Who has to pay Council Tax

Find out who has to pay Council Tax and understand what we mean by joint and several liability

If you live in a property as your main home, you are responsible for paying Council Tax. If you are under 18 you do not need to pay Council Tax. 

If there is more than one person living in the property, responsibility to pay Council Tax falls to the person nearest to the top of this list: 

  • The freeholder, if they live in the property 
  • The leaseholder, if the property is leased, and the leaseholder lives there 
  • The tenant, if the property has been rented out under a tenancy agreement to a tenant living in the property 
  • The person living in the property, if they have been granted a licence to occupy 
  • The person living in the property, including people who do not own the property or pay rent for it (including squatters) 

You or your landlord may be asked to provide more information if we believe you are living in a multi–let property. This will help us decide who must pay the Council Tax bill.

Both the landlord and the tenant(s) have equal responsibility to provide us with full details of tenants moving in and out of properties.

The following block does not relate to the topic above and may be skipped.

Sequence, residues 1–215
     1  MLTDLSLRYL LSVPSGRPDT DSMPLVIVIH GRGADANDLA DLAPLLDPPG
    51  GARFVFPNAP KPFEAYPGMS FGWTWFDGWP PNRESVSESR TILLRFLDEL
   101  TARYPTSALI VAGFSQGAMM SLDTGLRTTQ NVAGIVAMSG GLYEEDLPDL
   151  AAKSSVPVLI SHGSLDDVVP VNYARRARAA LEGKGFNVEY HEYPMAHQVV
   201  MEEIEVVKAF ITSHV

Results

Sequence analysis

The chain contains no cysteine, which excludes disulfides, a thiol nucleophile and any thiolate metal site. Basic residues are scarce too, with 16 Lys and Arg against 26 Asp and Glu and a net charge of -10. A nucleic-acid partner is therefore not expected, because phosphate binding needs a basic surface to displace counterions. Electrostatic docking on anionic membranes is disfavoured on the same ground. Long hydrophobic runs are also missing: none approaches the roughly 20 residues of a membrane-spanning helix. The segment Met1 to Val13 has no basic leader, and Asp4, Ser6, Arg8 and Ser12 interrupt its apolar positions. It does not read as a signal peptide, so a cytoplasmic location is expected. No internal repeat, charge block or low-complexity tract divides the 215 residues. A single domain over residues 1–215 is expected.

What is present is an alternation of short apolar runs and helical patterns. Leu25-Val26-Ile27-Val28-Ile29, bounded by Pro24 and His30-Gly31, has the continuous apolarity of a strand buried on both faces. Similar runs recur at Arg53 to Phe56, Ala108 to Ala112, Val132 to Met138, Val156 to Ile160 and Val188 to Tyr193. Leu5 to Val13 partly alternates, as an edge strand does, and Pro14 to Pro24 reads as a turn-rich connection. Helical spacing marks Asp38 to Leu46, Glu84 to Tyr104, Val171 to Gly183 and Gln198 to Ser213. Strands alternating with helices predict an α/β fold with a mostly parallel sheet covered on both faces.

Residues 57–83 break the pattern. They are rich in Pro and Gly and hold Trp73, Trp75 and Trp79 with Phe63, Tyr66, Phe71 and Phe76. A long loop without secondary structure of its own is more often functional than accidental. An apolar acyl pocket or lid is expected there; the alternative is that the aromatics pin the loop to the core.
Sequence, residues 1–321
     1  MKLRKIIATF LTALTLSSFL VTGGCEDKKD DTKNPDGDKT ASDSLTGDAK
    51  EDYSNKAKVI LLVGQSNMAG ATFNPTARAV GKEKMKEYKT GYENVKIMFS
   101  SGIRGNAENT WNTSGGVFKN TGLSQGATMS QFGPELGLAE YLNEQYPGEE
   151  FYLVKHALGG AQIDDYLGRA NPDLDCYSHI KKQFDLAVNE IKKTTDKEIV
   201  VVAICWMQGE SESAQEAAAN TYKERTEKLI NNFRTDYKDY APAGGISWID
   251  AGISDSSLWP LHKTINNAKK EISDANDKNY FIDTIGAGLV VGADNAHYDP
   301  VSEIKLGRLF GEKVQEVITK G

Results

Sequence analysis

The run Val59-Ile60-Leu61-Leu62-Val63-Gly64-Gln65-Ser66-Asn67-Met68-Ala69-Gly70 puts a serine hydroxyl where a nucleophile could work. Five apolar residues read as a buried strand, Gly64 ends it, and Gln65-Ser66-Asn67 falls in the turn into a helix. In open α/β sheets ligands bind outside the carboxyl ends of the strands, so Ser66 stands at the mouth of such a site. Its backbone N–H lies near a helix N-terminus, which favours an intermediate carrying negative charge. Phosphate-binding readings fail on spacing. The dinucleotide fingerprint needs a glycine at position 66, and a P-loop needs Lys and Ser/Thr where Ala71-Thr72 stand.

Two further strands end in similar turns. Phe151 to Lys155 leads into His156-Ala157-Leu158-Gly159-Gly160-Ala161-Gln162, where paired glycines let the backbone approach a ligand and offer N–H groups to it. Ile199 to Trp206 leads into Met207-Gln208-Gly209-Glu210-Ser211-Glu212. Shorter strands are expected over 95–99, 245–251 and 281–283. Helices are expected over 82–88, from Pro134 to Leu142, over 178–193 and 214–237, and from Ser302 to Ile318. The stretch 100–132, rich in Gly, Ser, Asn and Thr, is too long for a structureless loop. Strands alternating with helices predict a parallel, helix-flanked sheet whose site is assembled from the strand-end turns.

Joint and several liability 

If there is more than one person at your property that fits the description of the person liable, then each of you will be liable for the whole amount of the Council Tax, not just a share of it. This is called joint and several liability. 

For example, if you rent a property with a friend, you may each decide to pay half the Council Tax. But, if one of you fails to pay the other person is liable to pay the full amount. 

This includes married and unmarried couples living together.  

Empty properties 

If the property is empty, the owner is responsible for paying the bill, although a discount or exemption may be available. 

Owner responsible for paying Council Tax 

For some types of property, it is the owner rather than the occupier who is responsible for paying the Council Tax: 

  • residential care homes, nursing homes and some hostels 
  • properties occupied only by religious communities 
  • houses in multiple occupation - that is to say, properties occupied by more than one household where the residents share facilities such as a kitchen or bathroom 
  • properties occupied only by employees in domestic service (or members of an employee's family), for the purposes of their employment, and where the main home of the employer is elsewhere 
  • properties lived in by ministers of religion 
  • properties provided to an asylum seeker under Section 95 of the Immigration and Asylum Act 1999 

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